Lessons to Practice #1: Writing Consistently and with Purpose

Good evening folks! How is everyone doing?

Tonight I would like to start a new blogging series called “Lessons to Practice.” In each Tuesday night post of this series, I will summarize what I’m learning as I spend 2017 editing, rewriting, and refining my works. Each “Lessons to Practice” installment will also include a brief summary of strategies, tips, and tricks that I’ve gleaned from books, online writing courses, and (hopefully in the near future), a local writing group that I’m a part of!

I’ll start with the book I’m currently reading: Writing with Quiet Hands, by Paula Munier. I’ve spent the last two months reading Munier’s work, and it has proven immensely helpful in not only sharpening my writing skills, but also in honing my dedication to my craft by learning how to write in a timely, purposeful, and consistent manner. After all, I believe that Paula is right when she says that successful writers (1) write, and (2) revise – again, and again, and again.

lightbulb-writers
This is me much more often now! Thanks Paula!

A valuable key point that I read tonight comes from George Orwell, who said that writers follow their eponymous passion due to any of the following four reasons:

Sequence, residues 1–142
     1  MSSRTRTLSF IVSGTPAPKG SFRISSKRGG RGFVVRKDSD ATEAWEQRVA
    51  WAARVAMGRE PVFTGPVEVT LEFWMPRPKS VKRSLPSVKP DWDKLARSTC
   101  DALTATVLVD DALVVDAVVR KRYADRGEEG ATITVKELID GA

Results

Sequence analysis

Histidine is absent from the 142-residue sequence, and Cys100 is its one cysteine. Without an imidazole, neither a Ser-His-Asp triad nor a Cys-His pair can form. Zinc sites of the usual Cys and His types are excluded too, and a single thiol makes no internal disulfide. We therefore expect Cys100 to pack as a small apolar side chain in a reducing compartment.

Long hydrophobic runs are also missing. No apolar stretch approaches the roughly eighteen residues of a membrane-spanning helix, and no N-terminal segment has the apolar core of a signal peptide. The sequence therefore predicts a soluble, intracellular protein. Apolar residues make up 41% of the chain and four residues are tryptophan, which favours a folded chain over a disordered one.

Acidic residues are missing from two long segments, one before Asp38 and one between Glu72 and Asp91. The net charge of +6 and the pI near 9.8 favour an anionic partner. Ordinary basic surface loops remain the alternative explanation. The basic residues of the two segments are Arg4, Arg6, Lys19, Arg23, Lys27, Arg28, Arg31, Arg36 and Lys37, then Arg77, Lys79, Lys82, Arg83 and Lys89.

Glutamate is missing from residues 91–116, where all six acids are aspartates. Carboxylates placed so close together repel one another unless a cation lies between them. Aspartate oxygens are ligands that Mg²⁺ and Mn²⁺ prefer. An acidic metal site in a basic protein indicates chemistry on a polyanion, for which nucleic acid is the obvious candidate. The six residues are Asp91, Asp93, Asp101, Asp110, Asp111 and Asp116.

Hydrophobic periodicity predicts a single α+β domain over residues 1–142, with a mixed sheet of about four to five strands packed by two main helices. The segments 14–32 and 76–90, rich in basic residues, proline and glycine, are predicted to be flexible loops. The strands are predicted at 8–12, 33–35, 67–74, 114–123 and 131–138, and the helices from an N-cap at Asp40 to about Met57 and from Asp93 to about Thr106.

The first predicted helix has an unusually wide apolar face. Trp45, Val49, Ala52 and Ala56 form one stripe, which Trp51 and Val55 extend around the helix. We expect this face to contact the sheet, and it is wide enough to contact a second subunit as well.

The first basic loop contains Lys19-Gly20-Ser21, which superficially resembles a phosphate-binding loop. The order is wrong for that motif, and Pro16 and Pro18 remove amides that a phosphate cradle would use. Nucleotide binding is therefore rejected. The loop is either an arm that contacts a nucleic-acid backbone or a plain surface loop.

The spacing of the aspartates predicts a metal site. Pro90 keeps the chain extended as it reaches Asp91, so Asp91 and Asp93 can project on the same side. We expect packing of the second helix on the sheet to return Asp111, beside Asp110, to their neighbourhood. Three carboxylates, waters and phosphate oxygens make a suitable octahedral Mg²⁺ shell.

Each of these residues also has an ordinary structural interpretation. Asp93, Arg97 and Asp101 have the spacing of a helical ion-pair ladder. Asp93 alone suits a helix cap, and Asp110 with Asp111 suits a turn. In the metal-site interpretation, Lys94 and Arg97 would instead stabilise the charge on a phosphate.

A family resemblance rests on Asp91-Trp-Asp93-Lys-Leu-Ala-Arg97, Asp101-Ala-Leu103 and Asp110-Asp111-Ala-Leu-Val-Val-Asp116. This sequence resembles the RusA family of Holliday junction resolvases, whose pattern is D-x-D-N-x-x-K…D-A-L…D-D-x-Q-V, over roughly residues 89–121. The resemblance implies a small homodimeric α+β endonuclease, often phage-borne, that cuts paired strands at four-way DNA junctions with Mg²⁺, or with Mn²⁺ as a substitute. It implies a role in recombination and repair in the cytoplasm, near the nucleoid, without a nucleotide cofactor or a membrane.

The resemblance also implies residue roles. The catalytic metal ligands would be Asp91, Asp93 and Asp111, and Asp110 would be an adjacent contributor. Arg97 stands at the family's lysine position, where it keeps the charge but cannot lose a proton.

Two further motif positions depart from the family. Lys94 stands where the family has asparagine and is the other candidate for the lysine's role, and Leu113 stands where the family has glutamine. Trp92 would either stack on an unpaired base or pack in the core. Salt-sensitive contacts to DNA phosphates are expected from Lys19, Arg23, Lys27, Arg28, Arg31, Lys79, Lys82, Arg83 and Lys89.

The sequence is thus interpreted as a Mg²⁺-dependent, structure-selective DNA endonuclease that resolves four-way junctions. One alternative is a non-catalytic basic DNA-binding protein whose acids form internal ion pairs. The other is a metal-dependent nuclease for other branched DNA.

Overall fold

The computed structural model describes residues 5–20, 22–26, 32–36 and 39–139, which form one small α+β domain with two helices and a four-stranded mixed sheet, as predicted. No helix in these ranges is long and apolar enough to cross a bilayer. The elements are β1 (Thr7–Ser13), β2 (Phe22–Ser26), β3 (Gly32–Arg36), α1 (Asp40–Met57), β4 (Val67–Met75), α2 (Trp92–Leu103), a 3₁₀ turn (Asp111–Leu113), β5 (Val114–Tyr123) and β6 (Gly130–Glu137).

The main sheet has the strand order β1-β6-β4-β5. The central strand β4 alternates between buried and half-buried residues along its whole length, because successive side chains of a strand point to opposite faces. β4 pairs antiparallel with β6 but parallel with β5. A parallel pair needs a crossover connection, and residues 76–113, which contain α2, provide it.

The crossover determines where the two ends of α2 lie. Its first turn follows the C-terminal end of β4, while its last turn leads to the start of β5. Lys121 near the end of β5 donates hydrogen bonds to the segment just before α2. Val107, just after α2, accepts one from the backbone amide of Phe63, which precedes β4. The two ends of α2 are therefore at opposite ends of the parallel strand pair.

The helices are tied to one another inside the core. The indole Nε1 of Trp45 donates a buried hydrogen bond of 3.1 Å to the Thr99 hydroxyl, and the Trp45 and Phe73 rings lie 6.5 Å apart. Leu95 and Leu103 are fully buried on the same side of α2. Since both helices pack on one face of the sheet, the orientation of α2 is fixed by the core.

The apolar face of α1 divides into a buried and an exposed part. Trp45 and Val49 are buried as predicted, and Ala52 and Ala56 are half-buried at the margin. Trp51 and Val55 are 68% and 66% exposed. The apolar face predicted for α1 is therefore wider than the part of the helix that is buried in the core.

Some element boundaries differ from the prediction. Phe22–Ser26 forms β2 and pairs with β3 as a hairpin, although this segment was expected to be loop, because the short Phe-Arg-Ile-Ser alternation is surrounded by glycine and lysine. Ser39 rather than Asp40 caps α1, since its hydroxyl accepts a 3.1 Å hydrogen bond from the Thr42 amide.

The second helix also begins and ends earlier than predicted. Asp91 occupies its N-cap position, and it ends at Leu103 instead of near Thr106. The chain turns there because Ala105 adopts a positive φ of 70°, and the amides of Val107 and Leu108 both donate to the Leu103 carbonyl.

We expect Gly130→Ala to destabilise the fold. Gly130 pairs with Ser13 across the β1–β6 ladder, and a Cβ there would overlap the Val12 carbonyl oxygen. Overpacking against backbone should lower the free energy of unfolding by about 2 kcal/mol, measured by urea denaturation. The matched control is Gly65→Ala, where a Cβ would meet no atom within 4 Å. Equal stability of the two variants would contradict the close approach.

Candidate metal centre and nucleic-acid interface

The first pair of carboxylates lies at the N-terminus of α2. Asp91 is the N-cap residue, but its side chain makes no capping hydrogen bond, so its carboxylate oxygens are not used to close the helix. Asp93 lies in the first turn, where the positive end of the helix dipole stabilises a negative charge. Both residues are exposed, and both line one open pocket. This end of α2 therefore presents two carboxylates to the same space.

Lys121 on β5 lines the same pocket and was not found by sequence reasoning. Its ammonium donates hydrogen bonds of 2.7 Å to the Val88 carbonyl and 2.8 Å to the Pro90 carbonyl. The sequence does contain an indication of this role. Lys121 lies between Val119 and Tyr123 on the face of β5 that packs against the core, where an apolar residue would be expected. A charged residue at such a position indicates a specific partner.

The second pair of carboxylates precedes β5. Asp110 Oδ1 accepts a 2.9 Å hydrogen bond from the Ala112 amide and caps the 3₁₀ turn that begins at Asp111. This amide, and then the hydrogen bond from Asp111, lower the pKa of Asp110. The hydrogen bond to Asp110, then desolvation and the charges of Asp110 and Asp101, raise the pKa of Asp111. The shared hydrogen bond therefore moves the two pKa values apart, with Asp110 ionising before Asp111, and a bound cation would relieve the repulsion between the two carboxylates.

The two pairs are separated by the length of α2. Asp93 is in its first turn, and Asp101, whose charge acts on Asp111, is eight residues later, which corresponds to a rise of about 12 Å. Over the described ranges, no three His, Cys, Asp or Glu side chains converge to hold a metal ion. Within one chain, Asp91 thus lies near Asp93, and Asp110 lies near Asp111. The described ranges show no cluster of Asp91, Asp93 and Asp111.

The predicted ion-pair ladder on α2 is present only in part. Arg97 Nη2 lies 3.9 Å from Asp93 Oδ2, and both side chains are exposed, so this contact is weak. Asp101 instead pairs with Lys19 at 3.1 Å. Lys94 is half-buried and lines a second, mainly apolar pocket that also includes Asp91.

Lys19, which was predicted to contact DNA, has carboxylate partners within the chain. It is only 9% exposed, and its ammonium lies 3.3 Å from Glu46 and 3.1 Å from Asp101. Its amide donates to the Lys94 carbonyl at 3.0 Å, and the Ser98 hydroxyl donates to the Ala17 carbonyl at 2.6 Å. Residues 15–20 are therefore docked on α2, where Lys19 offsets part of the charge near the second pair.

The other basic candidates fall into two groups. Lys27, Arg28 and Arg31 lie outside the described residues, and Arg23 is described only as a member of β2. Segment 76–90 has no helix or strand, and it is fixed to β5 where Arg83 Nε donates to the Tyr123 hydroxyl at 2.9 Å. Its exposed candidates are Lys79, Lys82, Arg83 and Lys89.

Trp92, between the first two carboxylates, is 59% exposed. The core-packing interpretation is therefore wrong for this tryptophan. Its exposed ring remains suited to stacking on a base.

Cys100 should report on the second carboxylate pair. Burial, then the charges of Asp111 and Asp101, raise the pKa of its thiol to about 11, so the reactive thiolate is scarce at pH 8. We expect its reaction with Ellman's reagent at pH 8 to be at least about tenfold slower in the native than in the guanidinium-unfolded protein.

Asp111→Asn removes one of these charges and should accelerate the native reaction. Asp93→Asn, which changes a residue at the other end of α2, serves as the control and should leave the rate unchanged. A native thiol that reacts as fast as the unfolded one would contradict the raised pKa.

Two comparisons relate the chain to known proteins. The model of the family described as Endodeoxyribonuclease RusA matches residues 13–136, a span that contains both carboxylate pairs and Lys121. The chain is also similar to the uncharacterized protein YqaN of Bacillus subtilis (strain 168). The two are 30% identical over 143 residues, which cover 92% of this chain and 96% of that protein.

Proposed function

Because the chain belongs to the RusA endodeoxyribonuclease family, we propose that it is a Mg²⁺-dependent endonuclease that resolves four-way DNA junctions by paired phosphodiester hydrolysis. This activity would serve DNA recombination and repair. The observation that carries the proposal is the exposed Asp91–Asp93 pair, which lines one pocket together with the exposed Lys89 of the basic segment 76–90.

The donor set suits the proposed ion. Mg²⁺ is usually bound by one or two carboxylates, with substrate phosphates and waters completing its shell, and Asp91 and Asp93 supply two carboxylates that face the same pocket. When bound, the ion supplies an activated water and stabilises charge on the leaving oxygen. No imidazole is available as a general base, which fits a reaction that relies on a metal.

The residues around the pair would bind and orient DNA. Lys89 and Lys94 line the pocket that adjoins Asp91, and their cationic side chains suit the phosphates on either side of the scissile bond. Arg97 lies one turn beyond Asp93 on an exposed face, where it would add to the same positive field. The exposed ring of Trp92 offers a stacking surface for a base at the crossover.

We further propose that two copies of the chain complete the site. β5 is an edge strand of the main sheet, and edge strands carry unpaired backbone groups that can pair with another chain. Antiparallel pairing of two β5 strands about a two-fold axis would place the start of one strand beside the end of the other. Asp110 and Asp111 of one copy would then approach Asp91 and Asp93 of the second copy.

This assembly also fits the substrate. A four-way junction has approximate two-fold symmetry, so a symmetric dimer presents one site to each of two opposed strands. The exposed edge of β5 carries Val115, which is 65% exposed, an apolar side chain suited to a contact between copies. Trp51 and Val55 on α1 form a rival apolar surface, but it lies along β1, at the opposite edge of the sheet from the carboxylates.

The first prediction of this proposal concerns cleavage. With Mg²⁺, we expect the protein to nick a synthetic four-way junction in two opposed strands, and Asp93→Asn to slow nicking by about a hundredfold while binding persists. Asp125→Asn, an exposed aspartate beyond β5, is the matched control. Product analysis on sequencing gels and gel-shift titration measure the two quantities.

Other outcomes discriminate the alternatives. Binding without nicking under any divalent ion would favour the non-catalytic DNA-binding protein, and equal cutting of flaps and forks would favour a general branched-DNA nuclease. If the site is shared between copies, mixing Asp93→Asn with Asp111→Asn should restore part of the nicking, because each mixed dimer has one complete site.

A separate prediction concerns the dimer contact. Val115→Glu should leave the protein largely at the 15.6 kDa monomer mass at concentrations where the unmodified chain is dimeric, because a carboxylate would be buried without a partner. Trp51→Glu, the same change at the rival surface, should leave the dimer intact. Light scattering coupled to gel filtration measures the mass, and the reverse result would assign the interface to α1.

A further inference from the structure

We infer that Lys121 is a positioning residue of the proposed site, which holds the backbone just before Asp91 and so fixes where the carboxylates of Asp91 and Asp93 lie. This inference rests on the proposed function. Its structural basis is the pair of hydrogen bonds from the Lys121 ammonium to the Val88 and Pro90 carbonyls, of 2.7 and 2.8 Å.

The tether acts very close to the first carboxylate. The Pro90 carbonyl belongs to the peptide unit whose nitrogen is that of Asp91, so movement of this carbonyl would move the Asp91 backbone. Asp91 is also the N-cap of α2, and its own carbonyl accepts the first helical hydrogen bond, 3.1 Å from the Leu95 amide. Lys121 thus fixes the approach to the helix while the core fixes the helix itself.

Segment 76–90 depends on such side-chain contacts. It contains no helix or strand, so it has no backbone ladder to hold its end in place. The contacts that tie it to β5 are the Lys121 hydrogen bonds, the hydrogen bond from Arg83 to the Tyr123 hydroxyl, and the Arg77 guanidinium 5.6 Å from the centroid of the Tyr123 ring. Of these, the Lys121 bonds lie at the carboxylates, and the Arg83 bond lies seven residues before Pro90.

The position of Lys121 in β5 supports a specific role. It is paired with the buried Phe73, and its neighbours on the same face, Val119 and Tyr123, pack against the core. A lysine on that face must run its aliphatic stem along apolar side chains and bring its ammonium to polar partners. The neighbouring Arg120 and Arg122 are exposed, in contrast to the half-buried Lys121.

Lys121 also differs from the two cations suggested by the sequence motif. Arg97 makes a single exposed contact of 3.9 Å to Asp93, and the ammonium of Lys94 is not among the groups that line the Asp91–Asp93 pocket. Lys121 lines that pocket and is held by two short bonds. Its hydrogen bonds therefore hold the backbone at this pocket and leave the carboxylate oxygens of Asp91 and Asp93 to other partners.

1. Sheer egoism (our desire to give a voice to the inimitable skills and writing style that we firmly believe we possess)
  2. Aesthetic enthusiasm (the joy we get from crafting words, sentences, and whole narratives together in an artistic collage of prose)
  3. Historial impulse (the desire to understand where we’ve been as a race and where we might be headed, all while recording our activities for posterity)
  4. Political purpose (writing as a means of advocating, promoting a cause, or challenging societal norms in the hopes of achieving justice)

I’ll use my first manuscript as an example. For In the Words of Your Love, I was driven to write Ross’ tale of heartbreak and redemption because (1) I had a big ego in high school and thought that the best way to get back at a girl was to write about it (I know, I know…I had a super chauvunistic mindset!) However – and this is more important to me -, I also wrote Words because I had (2) a political purpose:  to advocate for the underdogs, the high school guys and girls who never really had the chance to express the love that they felt for another person – or were ridiculed for doing so. I love the thought of giving a voice to the less popular but infinitely more creative and hopeful kids of high school, and In the Words of Your Love is for them as much as it is for myself.

Thanks for checking out my first “Lessons to Practice” entry! I would love to hear from you about all your reasons for writing. Are you practicing your craft to stoke your ego, or to make history, or even to drive a political point home? Comment below and let the discussions roll!

purpose concept on signpost

 

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